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Moral Hazard, Wildfires, and the Economic Incidence of Natural Disasters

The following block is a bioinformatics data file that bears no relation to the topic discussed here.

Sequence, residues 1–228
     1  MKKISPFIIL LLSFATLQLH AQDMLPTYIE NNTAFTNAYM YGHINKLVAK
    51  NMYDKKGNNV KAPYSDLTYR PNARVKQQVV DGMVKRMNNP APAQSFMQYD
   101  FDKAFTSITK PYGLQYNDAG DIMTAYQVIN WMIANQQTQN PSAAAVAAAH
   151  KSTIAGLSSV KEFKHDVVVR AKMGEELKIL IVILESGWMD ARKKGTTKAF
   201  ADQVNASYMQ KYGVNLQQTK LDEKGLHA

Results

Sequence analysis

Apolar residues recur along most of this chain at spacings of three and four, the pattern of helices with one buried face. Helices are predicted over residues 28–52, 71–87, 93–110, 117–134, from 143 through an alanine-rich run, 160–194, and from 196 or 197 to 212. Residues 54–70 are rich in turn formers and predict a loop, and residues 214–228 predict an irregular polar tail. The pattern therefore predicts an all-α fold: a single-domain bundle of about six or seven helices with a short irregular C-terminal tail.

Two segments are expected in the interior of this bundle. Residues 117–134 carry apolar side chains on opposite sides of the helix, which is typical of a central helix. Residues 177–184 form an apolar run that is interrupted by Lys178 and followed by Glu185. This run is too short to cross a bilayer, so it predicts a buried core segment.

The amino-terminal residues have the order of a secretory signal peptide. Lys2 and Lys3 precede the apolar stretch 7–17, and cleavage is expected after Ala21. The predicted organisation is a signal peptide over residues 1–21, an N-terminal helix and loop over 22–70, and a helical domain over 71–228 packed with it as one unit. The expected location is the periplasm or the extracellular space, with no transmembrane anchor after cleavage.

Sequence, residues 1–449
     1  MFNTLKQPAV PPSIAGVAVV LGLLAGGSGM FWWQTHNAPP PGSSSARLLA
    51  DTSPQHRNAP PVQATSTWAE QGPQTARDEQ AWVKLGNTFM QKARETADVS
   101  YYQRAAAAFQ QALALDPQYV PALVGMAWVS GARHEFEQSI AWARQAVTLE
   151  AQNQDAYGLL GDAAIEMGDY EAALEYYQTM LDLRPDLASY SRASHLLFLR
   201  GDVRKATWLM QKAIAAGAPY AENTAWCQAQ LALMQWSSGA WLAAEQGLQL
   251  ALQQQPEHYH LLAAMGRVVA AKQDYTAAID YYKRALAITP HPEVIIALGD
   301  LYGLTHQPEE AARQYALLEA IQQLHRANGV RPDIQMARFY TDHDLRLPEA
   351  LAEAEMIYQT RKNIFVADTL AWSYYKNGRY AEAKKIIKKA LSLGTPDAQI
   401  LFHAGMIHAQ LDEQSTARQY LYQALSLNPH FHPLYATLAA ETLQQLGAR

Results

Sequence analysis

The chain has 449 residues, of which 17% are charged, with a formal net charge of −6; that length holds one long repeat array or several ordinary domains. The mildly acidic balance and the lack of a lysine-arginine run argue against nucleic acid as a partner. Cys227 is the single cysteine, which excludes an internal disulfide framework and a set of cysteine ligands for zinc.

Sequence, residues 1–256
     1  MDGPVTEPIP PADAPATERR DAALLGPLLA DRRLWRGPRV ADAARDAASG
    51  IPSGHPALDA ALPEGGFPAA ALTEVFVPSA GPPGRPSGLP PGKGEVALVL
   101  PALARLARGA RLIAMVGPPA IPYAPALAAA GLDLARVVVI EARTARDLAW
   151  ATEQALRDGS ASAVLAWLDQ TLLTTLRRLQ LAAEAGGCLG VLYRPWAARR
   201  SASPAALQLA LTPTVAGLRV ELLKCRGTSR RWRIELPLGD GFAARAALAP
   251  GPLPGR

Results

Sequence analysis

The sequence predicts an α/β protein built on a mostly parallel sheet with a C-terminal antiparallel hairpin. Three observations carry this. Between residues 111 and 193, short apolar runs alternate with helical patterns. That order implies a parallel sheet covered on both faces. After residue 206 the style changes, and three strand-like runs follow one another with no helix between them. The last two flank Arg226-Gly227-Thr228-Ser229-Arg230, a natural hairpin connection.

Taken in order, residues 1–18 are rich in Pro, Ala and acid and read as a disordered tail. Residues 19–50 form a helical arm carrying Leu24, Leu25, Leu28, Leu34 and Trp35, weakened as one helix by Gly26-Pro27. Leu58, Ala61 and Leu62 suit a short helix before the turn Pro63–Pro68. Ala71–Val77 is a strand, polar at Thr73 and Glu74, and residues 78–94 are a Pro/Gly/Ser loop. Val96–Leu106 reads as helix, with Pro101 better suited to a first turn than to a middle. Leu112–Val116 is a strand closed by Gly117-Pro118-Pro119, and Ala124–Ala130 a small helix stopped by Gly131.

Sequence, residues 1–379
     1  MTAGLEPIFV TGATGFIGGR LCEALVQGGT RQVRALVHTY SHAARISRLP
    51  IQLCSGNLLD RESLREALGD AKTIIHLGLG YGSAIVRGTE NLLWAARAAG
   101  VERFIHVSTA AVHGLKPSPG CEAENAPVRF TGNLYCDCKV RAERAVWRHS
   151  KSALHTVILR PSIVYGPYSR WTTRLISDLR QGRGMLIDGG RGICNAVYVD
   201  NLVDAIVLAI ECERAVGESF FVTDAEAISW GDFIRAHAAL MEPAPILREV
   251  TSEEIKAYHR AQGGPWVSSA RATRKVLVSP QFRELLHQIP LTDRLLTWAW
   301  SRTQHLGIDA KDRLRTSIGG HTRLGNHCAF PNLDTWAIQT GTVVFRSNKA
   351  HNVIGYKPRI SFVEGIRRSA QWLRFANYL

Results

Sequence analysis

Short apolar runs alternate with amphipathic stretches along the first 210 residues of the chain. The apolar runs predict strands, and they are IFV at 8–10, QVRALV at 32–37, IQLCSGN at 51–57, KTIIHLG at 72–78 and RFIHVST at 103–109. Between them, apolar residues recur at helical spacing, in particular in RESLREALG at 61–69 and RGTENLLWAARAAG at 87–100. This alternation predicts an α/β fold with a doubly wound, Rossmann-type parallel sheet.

Worsening wildfires are one of the most salient impacts of climate change in North America. A large share of the total social costs of wildfires comes from wildland firefighting costs, which in the U.S. are largely borne by the federal government. We measure the degree to which this arrangement subsidizes development in high risk locations. To do this, we assemble administrative firefighting expenditure data from multiple federal and state agencies, yielding the most comprehensive database of firefighting costs in existence. We merge this to parcel-level data on the universe of western U.S. homes. Our main empirical contribution is to calculate the expected additional future cost to the federal government to protect a home from wildfire, in great spatial detail for the entire western U.S. We use natural variation in ignition locations to measure how firefighting expenditures increase when homes are threatened, and then compile each home's history of fire protection costs in an actuarial calculation of expected future protection cost. We find that a large share of the resources devoted to wildland firefighting are spent to protect homes. Consistent with a model of locally non-rival firefighting benefits, the marginal effect of homes on firefighting costs is decreasing in development density. Thus, wildland firefighting represents a large implicit subsidy to landowners in high-risk, low-density places. For our highest-cost categories of homes, we find that the expected present value of additional future firefighting costs exceeds 10% of the transaction value.
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